Dissertation Defense

A Statistical Approach to Stochastic Computing Design and Analysis

Timothy BakerPh.D. Candidate
3725 Beyster BuildingMap

Hybrid Event: Zoom


Stochastic computing (SC) is an unconventional computing style that uses probabilistic bitstreams to implement algorithms like those for machine learning, digital filtering, and image processing. SC’s unusual encoding enables highly fault tolerant, low power and small datapaths. For instance, a single AND gate performs multiplication in SC. SC’s advantages make it attractive for use in small devices like wearables and biomedical implants, but widespread adoption of SC has been limited due to challenges including a steep accuracy-latency trade-off and expensive interface circuits. We address these challenges using a statistical approach. First, we develop a better framework for analyzing stochastic circuit errors and then use insights from statistical analysis to design and evaluate smaller and more accurate circuits.

Understanding SC’s many error sources is key to developing more accurate designs. However, existing approaches to accuracy analysis fail to provide a comprehensive account of all error types. The first part of this thesis proposes a novel framework named Bayesian Analysis of Stochastic Errors (BASE). BASE is built on statistical estimation theory and identifies three key quantities that must be modeled or estimated to quantify a circuit’s accuracy. BASE is used to better understand and address circuit errors and is compatible with prior methods for error analysis as well as new models that we propose in this thesis. Importantly, BASE reduces the reliance on black box simulation methods which provide limited insight and are prone to mistakes.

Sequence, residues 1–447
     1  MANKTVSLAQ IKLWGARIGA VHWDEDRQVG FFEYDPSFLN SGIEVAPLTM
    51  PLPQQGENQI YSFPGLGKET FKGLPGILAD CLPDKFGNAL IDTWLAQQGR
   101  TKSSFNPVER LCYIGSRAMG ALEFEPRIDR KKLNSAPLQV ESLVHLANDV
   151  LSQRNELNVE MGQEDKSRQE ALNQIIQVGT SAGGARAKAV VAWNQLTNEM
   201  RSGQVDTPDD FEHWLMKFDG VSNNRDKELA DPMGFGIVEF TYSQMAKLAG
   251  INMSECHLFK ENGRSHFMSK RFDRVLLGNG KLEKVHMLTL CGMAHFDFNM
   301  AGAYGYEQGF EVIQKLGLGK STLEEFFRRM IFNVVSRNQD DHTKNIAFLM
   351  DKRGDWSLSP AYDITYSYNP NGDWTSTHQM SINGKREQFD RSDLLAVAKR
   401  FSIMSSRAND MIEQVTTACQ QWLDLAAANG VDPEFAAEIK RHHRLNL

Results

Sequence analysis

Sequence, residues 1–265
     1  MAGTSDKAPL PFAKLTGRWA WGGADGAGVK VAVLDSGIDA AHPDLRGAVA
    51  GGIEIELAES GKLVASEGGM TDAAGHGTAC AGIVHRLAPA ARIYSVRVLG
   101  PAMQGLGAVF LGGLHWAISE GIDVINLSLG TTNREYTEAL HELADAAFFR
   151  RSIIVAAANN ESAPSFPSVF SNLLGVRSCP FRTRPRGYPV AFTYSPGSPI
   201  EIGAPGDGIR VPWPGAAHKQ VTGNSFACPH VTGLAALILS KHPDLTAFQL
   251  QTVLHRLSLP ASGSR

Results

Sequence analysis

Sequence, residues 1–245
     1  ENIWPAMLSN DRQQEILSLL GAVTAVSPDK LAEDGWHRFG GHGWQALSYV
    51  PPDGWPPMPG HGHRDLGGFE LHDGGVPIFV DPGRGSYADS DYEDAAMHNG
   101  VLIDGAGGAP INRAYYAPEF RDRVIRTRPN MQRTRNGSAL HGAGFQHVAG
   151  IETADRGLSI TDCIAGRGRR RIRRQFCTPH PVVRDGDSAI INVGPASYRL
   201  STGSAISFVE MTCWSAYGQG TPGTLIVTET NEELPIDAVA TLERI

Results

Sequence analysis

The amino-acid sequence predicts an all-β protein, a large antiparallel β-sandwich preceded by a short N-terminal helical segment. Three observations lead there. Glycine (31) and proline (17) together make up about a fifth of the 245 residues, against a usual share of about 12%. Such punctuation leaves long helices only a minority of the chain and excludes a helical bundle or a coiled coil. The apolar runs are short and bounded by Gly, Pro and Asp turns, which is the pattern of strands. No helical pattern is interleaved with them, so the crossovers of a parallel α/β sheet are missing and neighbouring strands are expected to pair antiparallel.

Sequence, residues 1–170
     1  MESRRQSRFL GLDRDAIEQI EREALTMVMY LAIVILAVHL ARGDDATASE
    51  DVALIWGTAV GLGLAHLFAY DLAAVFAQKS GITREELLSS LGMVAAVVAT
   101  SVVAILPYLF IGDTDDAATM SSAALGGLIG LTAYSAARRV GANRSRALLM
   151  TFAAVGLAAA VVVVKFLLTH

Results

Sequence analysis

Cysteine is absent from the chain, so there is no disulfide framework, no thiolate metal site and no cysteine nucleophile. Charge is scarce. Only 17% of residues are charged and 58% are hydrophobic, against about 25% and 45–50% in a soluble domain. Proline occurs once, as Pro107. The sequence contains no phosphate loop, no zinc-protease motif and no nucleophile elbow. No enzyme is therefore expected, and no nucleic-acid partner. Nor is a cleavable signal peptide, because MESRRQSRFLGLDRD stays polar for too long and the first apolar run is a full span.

SC’s low-cost multipliers make it attractive for neural network and digital filtering applications. However, accurate addition is difficult to implement in SC and overhead from SC’s data conversion circuits reduces SC’s advantage for these applications. We address these problems by using insights from statistical modeling to develop new and better SC designs. Three such designs are introduced: 1) CeMux, a multiplexer adder that is significantly more accurate and smaller than its predecessors, 2) parallel sampling adders which have a flexible area-accuracy trade-off that can be tuned for the application, and 3) multiplexer-majority chains which can improve the overhead of SC’s conversion units. We apply our new designs to tasks like ECG filtering, image edge detection, and image classification with binarized neural networks and higher-precision neural networks.


CSE Graduate Programs Office

Faculty Host

Prof. John P. Hayes